If your car is stuck while driving in the snow, it can be difficult for your tires to gain the traction they need to push the vehicle forward. As a result, they spin while the car sits stuck in the snow. Fortunately, a few techniques can help get your car out of the snow.
Important note: Before trying any of these, remember to ensure your exhaust pipe is free of snow. A blocked exhaust can cause a dangerous buildup of carbon monoxide in the car while you run the engine trying to get the car to move.
Ways to gain traction in snow
This is a time-consuming and tiring method, but it’s also one of the best. Your car gets stuck because the snow is too slick to allow the tires enough grip. Removing the snow around the tires, under the car’s body, and in the path towards the road — ideally down to the road surface — is one of the most reliable ways to get back on track.
2. Melting the snow
Like shoveling, melting the snow with salt or other chemicals can help you get the traction you need. However, melting the snow this way isn’t ideal. Salt can cause rusting if it stays in contact with the car’s body too long, and other chemicals like antifreeze can harm your pets and the environment.
3. Add dry materials around the tires
If you can’t remove the snow, add dry materials around the wheels to improve your traction. Common options include sand and non-clumping cat litter. If you live in an area where severe winter weather is typical, consider keeping these materials on hand in the car’s trunk during the winter months if you get stuck in the snow.
4. Making the most of your car’s systems
Modern cars contain advanced electronic systems to help get tires unstuck in the snow. If your car has a four-wheel-drive option, turn it on because it delivers power to all the wheels, increasing your odds of finding a spot that provides the grip you need. Put your car in low gear if it’s an automatic to help keep the wheels from spinning too fast when you press the accelerator.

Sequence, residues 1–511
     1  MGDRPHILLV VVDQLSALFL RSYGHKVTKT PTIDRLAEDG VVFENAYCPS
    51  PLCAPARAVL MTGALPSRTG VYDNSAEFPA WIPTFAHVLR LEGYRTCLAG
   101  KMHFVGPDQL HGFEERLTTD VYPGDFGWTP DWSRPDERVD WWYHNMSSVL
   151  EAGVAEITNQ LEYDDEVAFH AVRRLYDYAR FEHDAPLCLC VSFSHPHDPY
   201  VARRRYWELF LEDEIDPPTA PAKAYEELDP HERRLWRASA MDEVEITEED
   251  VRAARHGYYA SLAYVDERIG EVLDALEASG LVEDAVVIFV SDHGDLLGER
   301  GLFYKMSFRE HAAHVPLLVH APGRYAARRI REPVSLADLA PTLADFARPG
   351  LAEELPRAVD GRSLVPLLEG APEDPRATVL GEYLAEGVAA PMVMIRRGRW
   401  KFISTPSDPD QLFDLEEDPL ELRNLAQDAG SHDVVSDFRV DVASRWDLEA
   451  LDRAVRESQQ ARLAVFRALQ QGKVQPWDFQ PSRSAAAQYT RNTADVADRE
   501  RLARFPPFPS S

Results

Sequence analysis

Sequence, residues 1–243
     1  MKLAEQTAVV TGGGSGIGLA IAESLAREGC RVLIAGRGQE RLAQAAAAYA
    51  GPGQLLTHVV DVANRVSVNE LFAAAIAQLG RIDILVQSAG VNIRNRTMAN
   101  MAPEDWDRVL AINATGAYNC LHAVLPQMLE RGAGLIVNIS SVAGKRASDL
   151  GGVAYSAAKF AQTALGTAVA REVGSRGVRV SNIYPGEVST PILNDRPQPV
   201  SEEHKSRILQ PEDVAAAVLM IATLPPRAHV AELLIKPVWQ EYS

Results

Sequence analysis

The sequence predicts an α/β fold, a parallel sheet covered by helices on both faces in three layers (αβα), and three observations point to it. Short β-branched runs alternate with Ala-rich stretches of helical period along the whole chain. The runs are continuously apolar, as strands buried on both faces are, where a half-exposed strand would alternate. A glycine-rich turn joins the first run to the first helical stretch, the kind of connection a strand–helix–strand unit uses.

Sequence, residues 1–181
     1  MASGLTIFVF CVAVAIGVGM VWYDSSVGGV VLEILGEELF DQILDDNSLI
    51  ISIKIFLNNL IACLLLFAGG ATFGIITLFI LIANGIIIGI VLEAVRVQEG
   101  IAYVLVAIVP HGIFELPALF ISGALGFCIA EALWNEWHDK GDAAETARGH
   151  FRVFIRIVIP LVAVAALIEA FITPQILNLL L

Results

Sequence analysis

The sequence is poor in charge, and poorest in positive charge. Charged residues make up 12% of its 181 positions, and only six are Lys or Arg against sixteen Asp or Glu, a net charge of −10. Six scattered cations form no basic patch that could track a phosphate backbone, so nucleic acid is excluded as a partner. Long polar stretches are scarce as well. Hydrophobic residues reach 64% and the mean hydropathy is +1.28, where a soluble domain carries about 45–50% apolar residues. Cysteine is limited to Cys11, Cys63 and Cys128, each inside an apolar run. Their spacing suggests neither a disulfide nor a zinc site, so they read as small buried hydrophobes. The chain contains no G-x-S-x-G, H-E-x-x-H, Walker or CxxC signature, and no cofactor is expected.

If your car has a traction control system (TCS), turn it off. While that may sound counterintuitive, the TCS’s job is to cut power to the wheels when it detects that they are spinning against a slippery surface. That helps you maintain control in a skid but makes it very hard to get loose from snow.
5. Rocking the vehicle
Another common method is “rocking” the car back and forth. If you’ve got a little space where the car has traction, this method builds momentum, which can carry you through the slippery spot. You go forward as far as you can, then switch to reverse and go back as far as you can, then forward again, and so on.
The problem is that rapidly changing gears repeatedly — especially while the wheels are moving — can be tough on the transmission. If you try rocking your car, be careful. Apply the brake to stop the car at the endpoint of each rock, then shift gears while the car is still. If it doesn’t work after a few tries, let it go. Transmission damage is expensive and more inconvenient than calling for help.